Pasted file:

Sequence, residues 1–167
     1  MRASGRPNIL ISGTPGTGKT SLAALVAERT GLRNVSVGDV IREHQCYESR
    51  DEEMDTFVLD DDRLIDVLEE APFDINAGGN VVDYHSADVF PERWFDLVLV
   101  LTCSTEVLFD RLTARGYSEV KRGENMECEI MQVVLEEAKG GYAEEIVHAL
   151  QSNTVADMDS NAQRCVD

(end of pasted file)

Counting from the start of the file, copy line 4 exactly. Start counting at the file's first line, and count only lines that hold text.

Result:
   101  LTCSTEVLFD RLTARGYSEV KRGENMECEI MQVVLEEAKG GYAEEIVHAL